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In plan, the most frequently used shapes are isosceles trapezoid (which may be referred to as a canted bay window) and rectangle. But other polygonal shapes with more than two corners are also common as are curved shapes. If a bay window is curved it may alternatively be called bow window. Bay windows in a triangular shape with just one corner exist but are relatively rare.
Most medieval bay windows and up to the Baroque era are oriel windows. They frequently appear as a highly ornamented addition to the building rather than an organic part of it. Particularly during the Gothic period they often serve as small house chapels, with the oriel window containing an altar and resembling an apse of a church. Especially in Nuremberg these are even called Chörlein (lit. 'little apse/choir'), with the most famous example being the one from the parsonage of St. Sebaldus Church.
In Islamic architecture, oriel windows such as the Arabic mashrabiya are frequently made of wood and allow viewing out while restricting visibility from the outside. Especially in warmer climates, a bay window may be identical to a balcony, with a privacy shield or screen.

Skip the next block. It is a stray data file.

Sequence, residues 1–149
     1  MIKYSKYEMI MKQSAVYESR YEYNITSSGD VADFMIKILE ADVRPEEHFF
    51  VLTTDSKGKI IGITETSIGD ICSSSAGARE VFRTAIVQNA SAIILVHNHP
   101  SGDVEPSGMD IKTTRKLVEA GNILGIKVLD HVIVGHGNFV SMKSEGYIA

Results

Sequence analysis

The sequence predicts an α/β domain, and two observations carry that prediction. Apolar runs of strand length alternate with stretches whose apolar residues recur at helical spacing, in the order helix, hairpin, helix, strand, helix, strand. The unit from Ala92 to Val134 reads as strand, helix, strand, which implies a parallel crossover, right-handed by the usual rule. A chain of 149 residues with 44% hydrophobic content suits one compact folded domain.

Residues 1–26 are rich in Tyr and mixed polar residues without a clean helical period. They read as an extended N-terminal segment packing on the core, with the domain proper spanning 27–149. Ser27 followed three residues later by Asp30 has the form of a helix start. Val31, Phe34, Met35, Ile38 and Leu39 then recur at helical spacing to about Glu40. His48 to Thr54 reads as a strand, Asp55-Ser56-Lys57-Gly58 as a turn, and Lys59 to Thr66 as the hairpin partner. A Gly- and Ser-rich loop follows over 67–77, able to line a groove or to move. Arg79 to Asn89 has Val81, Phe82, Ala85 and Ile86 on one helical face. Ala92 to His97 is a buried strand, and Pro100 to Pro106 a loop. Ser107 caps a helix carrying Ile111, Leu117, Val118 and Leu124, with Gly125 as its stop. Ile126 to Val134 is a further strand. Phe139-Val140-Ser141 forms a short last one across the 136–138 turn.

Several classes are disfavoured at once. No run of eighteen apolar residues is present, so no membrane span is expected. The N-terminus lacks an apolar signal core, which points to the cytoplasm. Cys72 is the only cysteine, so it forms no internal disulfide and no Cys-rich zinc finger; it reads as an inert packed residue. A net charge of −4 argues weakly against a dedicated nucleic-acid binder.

Bay windows can make a room appear larger, and provide views of the outside which would be unavailable with an ordinary flat window. They are found in terraced houses, semis and detached houses as well as in blocks of flats.
Based on British models, their use spread to other English-speaking countries like Ireland, the US, Canada and Australia. Following the pioneering model of pre-modern commercial architecture at the Oriel Chambers in Liverpool, they feature on early Chicago School skyscrapers, where they often run the whole height of the building's upper storeys.
Bay windows were identified as a defining characteristic of San Francisco architecture in a 2012 study that had a machine learning algorithm examine a random sample of 25,000 photos of cities from Google Street View.
- Glossary of Architectural Terms Archived 14 September 2012 at the Wayback Machine s.v. Bay Window.
- John Fleming, Hugh Honour, Nikolaus Pevsner, The Penguin Dictionary of Architecture, Fourth edition, Harmondsworth 1991, p. 36.
- Harris, Derrick (10 August 2012). "Big data magic trick: Show me a doorway, I'll tell you the city". GigaOM. Retrieved 21 October 2012.
- Inventary of Germanisches Nationalmuseum where the original is kept while the image shows a 1902 replica
- British Listed Buildings
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